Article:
Briefing to the UN Security CouncilBy Global Witness
January 2001 Introduction
The UN Security Council should:
- Immediately impose a total embargo on the exportation and transport of Liberian timber, and its importation into other countries. Such an embargo should remain in place until it can be demonstrated that the trade does not contribute to the Revolutionary United Front (RUF) in Sierra Leone, and is carried out in a transparent manner (as referred to in para 49 of the Report of the Panel of Experts appointed Pursuant to UN Security Council Resolution 1306 (2000), Paragraph 19 in Relation to Sierra Leone.
- In addition it is recommended that a detailed investigation is carried out into the Liberian timber industry, particularly of the Oriental Timber Company (OTC), to enable the UNSC and other members of the international community to gain a comprehensive understanding of the role of this industry in Charles Taylor's presidency and the conflict in Sierra Leone.
The Sierra Leone Expert Panel Report draws attention to Liberia's role in the trade of diamonds and weapons with Sierra Leone's Revolutionary United Front (RUF). It also refers to the important role timber revenue plays in the fortunes of President Charles Taylor and his rule in Liberia. However, according to sources, it is likely that the timber trade is more financially valuable to him and his security forces than is the trade in diamonds and that a significant portion of this revenue is also used by President Charles Taylor to train, arm and supply the RUF. This illicit trade is virtually monopolised by one company, the Oriental Timber Company (OTC), that also holds a virtual monopoly on all shipping entering Liberia and much of the country's internal transportation which enables the transhipment of arms. As The Sierra Leone Expert Panel Report has already noted, the chairman of OTC "Gus Van Kouwenhoven is responsible for the logistical aspects of many of the arms deals. Through his interests in a Malaysian timber project in Liberia, he organises the transfer of weaponry from Monrovia into Sierra Leone. Roads built and maintained for timber extraction are also conveniently used for weapons movement within Liberia, and for the onward shipment of weapons to Sierra Leone."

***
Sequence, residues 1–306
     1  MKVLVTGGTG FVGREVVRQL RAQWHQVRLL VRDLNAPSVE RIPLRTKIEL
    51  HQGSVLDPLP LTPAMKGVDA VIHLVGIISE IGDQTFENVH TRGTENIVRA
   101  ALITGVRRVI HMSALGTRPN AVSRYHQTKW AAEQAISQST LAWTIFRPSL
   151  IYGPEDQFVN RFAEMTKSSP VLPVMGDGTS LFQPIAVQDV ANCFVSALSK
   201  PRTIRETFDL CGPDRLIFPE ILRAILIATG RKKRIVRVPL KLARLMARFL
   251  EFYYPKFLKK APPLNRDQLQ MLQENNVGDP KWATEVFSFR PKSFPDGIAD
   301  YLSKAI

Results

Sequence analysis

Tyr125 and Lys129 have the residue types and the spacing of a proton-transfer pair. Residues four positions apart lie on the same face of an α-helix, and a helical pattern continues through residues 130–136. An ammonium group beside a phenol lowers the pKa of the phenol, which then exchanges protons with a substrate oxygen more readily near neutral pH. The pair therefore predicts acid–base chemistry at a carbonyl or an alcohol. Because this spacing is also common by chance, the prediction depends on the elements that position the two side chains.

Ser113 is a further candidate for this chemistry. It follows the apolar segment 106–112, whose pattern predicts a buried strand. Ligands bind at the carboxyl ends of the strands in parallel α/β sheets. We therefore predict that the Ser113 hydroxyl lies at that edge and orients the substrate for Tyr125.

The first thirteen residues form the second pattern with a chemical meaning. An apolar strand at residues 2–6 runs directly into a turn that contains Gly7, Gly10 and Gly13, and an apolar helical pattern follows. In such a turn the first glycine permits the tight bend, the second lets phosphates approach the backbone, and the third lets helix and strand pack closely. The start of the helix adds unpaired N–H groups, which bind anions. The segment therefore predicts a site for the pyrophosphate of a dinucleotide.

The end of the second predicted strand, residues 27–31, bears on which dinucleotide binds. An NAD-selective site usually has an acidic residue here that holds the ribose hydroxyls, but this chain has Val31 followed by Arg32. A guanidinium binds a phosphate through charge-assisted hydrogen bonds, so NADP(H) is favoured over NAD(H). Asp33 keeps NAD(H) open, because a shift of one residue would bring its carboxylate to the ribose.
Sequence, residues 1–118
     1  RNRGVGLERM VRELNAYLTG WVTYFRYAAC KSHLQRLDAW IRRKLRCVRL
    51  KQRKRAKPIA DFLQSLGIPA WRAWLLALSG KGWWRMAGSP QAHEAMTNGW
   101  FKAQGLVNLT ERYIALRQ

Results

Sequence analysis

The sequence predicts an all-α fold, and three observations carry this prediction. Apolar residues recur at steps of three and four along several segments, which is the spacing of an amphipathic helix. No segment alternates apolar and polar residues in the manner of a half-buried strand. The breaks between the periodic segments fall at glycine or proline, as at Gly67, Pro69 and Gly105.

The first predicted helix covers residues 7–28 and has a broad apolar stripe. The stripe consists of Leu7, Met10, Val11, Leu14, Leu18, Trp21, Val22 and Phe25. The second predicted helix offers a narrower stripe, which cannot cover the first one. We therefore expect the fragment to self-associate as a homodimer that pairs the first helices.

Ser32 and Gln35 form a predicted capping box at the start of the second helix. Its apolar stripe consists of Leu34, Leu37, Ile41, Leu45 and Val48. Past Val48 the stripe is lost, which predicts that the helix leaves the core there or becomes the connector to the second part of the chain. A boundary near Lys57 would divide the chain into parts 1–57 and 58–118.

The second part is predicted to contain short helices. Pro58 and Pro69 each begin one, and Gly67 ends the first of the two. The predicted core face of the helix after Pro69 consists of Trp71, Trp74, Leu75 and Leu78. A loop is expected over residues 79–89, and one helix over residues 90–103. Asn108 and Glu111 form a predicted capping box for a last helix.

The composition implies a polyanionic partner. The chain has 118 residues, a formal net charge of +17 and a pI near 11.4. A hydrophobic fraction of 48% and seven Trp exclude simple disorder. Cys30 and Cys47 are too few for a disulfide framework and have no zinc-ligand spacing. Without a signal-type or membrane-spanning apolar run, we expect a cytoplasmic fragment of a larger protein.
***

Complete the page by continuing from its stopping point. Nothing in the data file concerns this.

OTC has been implicated in transporting weapons to the RUF in Sierra Leone, managing the whole process from disembarkation at Buchanan port to the use of its own trucks along the logging roads it has constructed. According to sources, OTC's massive and unsustainable logging operations fund weapons purchases for the RUF and President Charles Taylor's personal security forces, while enriching himself.
Furthermore the scale of this completely unsustainable timber trade is such that Liberia's forests are likely to be commercially logged out in as little as thirteen years. One Lebanese company told Global Witness that they expected to operate in the country for another 20 years before they had removed all merchantable timber , but OTC's operations are escalating this timescale. What is sure is that there is virtually no forest management and no known cases of replanting. The social, economic and ecological impacts of this trade have severe long term implications for the future of Liberia and its people.
Global Witness believes that it is essential that the UN Security Council imposes an embargo on the exportation and transport of Liberian timber, and its importation into other countries. Such an embargo should remain in place until it can be demonstrated to the UN that the trade does not contribute to regional conflict, and is carried out with transparency. Paragraph 49 of the Report of the Panel of Experts appointed Pursuant to UN Security Council Resolution 1306 (2000), Paragraph 19 in Relation to Sierra Leone provides the opportunity to take this necessary step .
Currently there is no reliable data or estimate as to the amount of revenue that President Charles Taylor is gaining as a result of the Liberian timber industry because to da